L-tyrosine and L-dopa melanins were examined for an ability to inhibit the viral RT in triton X-100-treated HTLV-III.sub.B lysates. Concentrations as high as 50 .mu.g/ml (which is notably brown) failed to inhibit the enzyme, a result which makes RT inhibition an unlikely mechanism for melanin's antiviral activity. Also, RT inhibition would require that melanin get into the cell. However, when MT-2 and H9 cells were incubated for 4 and 48 hours in the presence of L-tyrosine melanin at 10 .mu. g/ml (a concentration which turns the medium light tan in color), no visual evidence of cell pigmentation was observed. Therefore, these cells do not appear capable of transporting and concentrating melanin from the medium.EXAMPLE VII Toxicity of L-dopa Melanin in Balb/c Laboratory Mice
The toxicity of L-dopa melanin was investigated in 10-12 week old, female Balb/c mice by giving them melanin in their drinking water or by intraperitoneal (i.p.) administration. In one set of experiments, 3 groups of 5 mice received melanin at 0, 1 or 10 mg/ml, respectively, in their drinking water for 5 days. All mice appeared healthy and normal and consumed equal amounts of water and food during this period. For the first 15 hours the mice were housed in metabolic chambers designed to collect urine and feces separately. Urine from mice that were fed melanin at 10 mg/ml was noticeably brown. This urine was filter-sterilized and found to be active against HIV-1 in MT-2 cells to a dilution of 1:200. The feces from this group was very black and, when dispersed in water, had an insoluble black product that was removed by centrifugation. This insoluble black substance could be solubilized by the addition of 0.1 N NaOH.
In another set of experiments, 3 groups of 4 mice received 100 .mu.l intraperitoneal (i.p.) injections containing 0, 1 or 10 mg of melanin, respectively, per injection. The mice were observed for a period of 1 week. All mice receiving 0 and 1 mg doses appeared healthy throughout the test period. In contrast, two mice that received 10 mg of melanin died overnight and a third mouse died 2 days later. The fourth mouse in this group survived lethal toxicity. Therefore, the LD50 of L-dopa melanin in mice by intraperitoneal administration was determined to be between 1 and 10 g/kg.
1. The method of treating a human patient infected with human immunodeficiency virus (HIV) which causes acquired immunodeficiency syndrome (AIDS), comprising administering to said patient water-soluble melanin, said melanin being administered by a route which introduces it into the blood in doses effective to inhibit the replication of HIV therein.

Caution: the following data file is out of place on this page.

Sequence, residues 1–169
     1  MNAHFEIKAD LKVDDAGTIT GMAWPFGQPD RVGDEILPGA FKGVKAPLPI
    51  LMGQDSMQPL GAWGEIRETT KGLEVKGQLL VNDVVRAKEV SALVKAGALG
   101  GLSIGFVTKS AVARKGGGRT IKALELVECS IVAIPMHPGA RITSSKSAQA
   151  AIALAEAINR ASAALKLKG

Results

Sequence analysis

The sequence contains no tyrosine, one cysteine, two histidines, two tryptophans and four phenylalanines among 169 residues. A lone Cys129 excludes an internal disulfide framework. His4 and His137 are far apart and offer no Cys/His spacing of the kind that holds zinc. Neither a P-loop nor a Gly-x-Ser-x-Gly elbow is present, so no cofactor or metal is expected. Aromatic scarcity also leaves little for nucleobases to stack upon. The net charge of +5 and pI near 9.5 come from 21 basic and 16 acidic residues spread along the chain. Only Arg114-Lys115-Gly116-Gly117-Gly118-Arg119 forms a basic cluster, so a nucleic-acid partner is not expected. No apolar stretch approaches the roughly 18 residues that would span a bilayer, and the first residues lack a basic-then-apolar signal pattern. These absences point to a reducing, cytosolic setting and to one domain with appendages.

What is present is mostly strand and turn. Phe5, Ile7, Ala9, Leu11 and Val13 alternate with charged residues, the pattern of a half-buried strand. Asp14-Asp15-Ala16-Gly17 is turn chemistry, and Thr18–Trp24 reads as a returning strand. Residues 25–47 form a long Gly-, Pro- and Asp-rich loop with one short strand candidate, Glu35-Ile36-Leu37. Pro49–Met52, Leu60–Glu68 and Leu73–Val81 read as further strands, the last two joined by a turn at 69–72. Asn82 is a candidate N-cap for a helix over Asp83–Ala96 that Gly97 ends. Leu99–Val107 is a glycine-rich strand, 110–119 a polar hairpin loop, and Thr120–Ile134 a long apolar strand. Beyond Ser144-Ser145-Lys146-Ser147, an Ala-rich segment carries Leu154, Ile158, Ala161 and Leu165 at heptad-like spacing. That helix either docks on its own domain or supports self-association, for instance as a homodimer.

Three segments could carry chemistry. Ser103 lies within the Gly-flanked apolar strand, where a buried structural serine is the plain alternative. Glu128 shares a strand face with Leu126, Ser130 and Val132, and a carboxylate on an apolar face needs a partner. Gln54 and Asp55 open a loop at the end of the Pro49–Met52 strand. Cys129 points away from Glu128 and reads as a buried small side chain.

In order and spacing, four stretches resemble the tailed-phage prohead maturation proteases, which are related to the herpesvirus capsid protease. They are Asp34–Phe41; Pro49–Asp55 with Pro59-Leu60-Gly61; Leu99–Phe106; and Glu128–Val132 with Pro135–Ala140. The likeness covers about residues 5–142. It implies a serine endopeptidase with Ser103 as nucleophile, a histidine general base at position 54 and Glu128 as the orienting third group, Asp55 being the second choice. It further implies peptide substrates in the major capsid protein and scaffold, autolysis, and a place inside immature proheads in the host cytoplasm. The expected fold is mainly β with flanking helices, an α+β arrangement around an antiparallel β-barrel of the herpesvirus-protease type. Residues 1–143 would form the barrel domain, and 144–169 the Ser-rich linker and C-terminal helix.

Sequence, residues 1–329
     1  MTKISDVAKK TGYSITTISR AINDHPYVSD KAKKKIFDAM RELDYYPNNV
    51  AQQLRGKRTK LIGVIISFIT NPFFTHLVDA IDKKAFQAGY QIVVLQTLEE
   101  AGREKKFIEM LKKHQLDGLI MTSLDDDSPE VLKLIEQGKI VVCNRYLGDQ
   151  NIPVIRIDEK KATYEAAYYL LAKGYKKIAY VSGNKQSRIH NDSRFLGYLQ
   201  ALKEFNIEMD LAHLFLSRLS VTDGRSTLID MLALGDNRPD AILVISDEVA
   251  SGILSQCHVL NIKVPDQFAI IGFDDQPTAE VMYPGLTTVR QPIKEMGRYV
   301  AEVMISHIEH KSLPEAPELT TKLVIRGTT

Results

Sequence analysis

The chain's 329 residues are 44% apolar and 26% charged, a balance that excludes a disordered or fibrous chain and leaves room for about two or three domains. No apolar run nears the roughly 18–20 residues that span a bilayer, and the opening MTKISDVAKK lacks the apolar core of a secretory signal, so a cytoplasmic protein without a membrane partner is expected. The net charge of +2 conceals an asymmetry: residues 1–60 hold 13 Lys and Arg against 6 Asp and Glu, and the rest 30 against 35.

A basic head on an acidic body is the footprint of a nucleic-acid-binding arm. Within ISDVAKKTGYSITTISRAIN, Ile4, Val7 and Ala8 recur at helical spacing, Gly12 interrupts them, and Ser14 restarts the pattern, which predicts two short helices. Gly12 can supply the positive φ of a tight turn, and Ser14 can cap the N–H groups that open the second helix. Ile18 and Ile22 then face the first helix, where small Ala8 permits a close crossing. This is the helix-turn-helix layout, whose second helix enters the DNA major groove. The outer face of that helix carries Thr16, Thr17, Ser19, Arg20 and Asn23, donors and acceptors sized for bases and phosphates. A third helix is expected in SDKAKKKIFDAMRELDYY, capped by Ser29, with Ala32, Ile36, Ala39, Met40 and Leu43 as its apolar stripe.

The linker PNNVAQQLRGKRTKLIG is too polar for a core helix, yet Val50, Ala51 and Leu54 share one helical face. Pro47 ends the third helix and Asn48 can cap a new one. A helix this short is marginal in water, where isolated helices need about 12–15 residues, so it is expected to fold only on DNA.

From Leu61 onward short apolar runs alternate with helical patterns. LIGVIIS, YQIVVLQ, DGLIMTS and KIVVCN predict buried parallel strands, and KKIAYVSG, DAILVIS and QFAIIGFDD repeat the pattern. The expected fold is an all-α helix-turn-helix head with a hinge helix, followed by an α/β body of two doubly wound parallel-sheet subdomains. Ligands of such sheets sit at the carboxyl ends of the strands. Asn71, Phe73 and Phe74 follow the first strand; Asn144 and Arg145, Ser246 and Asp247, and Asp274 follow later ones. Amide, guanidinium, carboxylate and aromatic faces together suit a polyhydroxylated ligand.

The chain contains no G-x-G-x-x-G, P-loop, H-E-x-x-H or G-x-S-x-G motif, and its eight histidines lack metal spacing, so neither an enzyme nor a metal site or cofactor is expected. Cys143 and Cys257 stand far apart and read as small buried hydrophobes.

2. The method of claim 1 in which said water-soluble melanin is selected from the group consisting of melanins prepared by oxidation of L-dopa, L-dopa/cysteine, L-dopa/glutathione, L-tyrosine, serotonin, dopamine, adrenalin, and noradrenalin.
3. The method of claim 1 in which said water-soluble melanin is L-dopa melanin.
4. The method of claim 1 in which said water-soluble melanin is L-tyrosine melanin.
5. The method of claims 1, 2, 3, or 4 in which said patient is infected with HIV-1.
6. The method of claims 1, 2, 3, or 4 in which said patient is infected with HIV-2.
7. The method of treating a human patient infected with human immunodeficiency virus type 1 (HIV-1) which causes acquired immunodeficiency syndrome (AIDS), comprising orally administering to said patient water-soluble melanin in doses effective to inhibit the replication of HIV-1 in the patient's blood.
8. The method of treating a human patient infected with human immunodeficiency virus type 2 (HIV-2) which causes acquired immunodeficiency syndrome (AIDS), comprising orally administering to said patient water-soluble melanin in doses effective to inhibit the replication of HIV-2 in the patient's blood.
9. The method of treating a human patient infected with human immunodeficiency virus type 1 (HIV-1) which causes Acquired Immunodeficiency Syndrome (AIDS), comprising intravenously infusing into the blood of said patient water-soluble melanin in an amount effective to inhibit the replication of HIV-1 in the blood.
10. The method of treating a human patient infected with human immunodeficiency virus type 2 (HIV-2) which causes acquired immunodeficiency syndrome (AIDS), comprising intravenously infusing into the blood of said patient water-soluble melanin in an amount effective to inhibit the replication of HIV-2 in the blood.
11. The method of claims 7, 8, 9, or 10 in which said water-soluble melanin is orally administered or intravenously infused in an amount of from 5 to 50 milligrams per 24 hours.
12. The method of claims 7, 8, 9, or 10 in which said water-soluble melanin is selected from the group consisting of melanins prepared by oxidation of L-dopa, L-dopa/cysteine, L-dopa/glutathione, L-tyrosine, serotonin, dopamine, adrenalin, and noradrenalin.
13. The method of claims 7, 8, 9 or 10 in which said watersoluble melanin is L-dopa melanin.
14. The therapeutic use of water-soluble melanins for treatment of patients infected with human immunodeficiency virus (HIV).
- Blois, "The Melanins: Their Synthesis and Structure", Photochemical and Photobiological Reviews, vol. 3, pp. 115-135, 1978. Debing et al., "Melanosome Binding and Oxidation-Reduction Properties of Synthetic L-DOPA-Melanin as in vitro Tests for Drug Toxicity", Molecular Pharmacology, 33: 470-476, Jan. 1988.
International Classification: A01N 3718; A61K 3702;